A normal cycle is usually 21 to 35 days and it is expected that a woman would normally have at least eight periods in a year.
Signs of excess androgen levels – determined clinically and through blood tests – are the second of the three criteria used by our fertility experts at Cape Fertility.
Every woman needs to have androgens, including the most common form of androgen, which is testosterone. However, too many androgens circulating in your body can cause unpleasant symptoms. Elevated androgen levels might cause excess male pattern hair growth, such as a moustache or chin hair, hair on the nipples and excess hair on the back. It can also cause severe acne.
A blood test is also done to check the levels of the different androgens. If the test confirms raised levels of androgens, our fertility specialists will do further tests to look for alternative causes, as there are a few other possible causes other than polycystic ovaries. It is important to identify the cause, as this would affect the treatment required.
The third criteria for a diagnosis of PCOS is what the ovaries look like. Using state-of-the-art ultrasound technology, our fertility specialists will look at the little follicles – the little egg factories in each ovary – and count them on both ovaries. If there are a certain number, it might be said that the ovary has a polycystic appearance, but it still doesn’t mean you have PCOS.
Our fertility specialists at Cape Fertility will look at all three criteria to determine if your test results meet two out of the three criteria. If so, a diagnosis of PCOS will be considered.
Do I have PCOS?
While the symptoms of PCOS seem to be clear and straight-forward, the reality is that not all women with PCOS display all the symptoms, or even the same intensity of symptoms. In addition, some of the symptoms may be caused by a condition other than PCOS.
However, it is important to realise is that the symptoms of PCOS can substantially affect your quality of life, because it can have a great impact on your self-esteem, your body image and even your relationships.
The only way to know for certain whether you have PCOS is to undergo the necessary tests and investigations at an accredited and recognised clinic, where a fertility specialist with state-of-the-art equipment and years of experience will be able to make a professional determination as to whether the results of the tests and investigations meet two of the three Rotterdam criteria, and whether even this qualifies for a diagnosis of PCOS.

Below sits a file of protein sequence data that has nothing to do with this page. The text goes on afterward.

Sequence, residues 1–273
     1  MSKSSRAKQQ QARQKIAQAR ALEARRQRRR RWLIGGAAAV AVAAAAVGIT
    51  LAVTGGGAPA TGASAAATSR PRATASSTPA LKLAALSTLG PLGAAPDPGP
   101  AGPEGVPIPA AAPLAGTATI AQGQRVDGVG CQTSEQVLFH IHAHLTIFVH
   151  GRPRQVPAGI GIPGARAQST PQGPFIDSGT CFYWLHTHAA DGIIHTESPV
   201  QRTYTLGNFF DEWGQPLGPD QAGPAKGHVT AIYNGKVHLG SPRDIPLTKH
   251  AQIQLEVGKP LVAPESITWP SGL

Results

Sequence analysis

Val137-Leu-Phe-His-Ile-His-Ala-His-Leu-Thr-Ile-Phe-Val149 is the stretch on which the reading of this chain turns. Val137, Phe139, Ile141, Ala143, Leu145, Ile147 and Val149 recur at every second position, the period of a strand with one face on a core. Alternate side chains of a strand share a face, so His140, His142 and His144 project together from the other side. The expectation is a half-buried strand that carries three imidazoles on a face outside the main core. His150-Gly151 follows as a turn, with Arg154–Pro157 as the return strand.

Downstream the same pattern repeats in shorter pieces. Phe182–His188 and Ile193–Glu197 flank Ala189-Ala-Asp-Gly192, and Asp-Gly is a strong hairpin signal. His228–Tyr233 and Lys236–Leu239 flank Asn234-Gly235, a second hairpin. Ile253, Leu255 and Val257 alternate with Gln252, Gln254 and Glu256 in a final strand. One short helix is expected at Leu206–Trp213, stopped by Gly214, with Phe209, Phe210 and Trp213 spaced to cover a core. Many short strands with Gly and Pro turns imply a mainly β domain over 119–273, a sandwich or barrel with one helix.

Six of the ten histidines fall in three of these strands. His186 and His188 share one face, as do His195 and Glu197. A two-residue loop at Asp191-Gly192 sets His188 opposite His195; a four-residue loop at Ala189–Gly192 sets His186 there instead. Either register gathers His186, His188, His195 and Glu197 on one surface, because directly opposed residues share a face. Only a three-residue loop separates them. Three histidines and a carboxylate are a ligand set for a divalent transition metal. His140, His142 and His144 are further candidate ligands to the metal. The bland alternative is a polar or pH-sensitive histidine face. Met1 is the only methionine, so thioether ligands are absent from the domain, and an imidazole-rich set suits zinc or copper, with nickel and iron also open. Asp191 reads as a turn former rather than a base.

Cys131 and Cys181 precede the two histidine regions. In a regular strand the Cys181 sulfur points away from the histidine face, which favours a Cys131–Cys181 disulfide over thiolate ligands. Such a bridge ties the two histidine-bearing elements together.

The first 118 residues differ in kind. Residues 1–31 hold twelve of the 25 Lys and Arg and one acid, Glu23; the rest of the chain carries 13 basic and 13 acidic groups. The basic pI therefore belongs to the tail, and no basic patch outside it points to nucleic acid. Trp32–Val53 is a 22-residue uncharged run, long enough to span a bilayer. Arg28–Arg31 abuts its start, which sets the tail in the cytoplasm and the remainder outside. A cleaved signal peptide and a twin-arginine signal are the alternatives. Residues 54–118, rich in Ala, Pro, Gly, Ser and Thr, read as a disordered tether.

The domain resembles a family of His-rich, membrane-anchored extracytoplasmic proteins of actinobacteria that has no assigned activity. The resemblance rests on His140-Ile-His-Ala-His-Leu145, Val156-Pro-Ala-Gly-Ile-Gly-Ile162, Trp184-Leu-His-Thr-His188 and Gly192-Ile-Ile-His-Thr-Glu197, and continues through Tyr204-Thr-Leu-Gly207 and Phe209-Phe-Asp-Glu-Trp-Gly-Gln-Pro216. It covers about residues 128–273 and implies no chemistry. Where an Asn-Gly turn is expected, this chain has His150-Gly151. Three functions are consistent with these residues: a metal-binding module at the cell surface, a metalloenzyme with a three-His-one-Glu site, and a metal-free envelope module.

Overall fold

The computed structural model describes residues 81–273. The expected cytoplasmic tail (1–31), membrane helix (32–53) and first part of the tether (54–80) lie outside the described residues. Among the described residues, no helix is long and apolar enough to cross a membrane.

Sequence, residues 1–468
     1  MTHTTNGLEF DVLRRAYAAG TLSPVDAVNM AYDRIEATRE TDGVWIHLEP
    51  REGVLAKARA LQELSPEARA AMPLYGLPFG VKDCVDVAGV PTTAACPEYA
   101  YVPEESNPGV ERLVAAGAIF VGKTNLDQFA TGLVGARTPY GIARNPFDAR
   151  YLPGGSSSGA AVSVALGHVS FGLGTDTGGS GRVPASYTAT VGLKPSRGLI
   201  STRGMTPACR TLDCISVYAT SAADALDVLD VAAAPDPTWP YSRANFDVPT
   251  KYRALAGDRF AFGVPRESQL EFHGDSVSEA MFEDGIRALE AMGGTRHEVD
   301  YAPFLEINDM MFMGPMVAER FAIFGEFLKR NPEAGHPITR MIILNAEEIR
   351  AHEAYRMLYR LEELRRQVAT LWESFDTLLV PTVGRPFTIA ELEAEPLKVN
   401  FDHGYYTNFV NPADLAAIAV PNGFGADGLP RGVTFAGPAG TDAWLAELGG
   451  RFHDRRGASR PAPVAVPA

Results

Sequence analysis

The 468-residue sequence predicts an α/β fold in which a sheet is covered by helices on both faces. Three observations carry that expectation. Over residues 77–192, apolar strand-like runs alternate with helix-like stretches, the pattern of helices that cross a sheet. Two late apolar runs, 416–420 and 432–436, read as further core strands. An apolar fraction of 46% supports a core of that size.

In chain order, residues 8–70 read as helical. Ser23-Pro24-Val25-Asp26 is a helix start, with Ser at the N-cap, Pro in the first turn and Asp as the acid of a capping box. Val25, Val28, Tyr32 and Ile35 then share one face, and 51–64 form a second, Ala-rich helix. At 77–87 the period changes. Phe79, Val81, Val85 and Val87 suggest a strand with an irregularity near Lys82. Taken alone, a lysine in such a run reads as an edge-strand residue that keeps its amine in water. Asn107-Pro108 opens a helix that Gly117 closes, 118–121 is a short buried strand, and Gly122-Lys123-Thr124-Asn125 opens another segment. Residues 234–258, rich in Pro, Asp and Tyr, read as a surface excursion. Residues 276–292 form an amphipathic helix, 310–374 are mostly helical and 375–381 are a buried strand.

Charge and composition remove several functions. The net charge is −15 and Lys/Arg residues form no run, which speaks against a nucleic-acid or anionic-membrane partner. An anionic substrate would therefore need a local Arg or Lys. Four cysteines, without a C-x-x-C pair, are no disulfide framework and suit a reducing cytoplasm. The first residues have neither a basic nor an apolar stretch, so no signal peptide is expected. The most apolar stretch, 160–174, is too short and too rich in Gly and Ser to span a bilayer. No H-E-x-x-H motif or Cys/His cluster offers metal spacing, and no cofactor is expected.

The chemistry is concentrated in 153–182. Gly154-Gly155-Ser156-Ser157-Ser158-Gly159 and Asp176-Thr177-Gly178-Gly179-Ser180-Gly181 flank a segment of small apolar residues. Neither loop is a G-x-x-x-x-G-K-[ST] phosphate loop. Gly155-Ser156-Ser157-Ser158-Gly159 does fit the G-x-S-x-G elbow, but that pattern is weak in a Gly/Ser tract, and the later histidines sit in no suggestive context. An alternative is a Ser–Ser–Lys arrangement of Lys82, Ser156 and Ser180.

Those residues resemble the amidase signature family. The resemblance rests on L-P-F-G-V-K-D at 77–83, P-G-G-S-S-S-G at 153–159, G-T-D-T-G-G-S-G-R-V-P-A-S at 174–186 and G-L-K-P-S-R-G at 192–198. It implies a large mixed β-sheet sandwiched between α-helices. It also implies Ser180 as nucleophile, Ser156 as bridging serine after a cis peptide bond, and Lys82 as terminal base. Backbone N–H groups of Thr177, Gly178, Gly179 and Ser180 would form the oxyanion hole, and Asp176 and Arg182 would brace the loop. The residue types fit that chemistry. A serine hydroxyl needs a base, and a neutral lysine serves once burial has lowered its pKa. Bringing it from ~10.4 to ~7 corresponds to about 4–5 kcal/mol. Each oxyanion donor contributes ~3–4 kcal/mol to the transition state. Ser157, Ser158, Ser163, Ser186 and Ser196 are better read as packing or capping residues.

If you are diagnosed with PCOS, it is also important to realise that there are many ways to manage this chronic disease and even to achieve a pregnancy.
Weight loss is a cornerstone in the treatment of PCOS, and is beneficial both to prevent long term health problems and to increase the chance of conception. In fact, studies have shown that losing 5% of body weight is often enough to make a significant difference to PCOS symptoms, and will also increase the chance of conception. Fertility drugs are also effective, but this treatment should only be offered by qualified and registered fertility specialists and must be monitored very carefully.
If you suspect that you have PCOS, we would like to invite you to come and meet one of our specialists by clicking here…
At Cape Fertility, we value each individual patient and we look forward to providing you with individualised and personalised care, affordable quality fertility treatment, and higher success rates at our purpose-built premises in the beautiful city of Cape Town.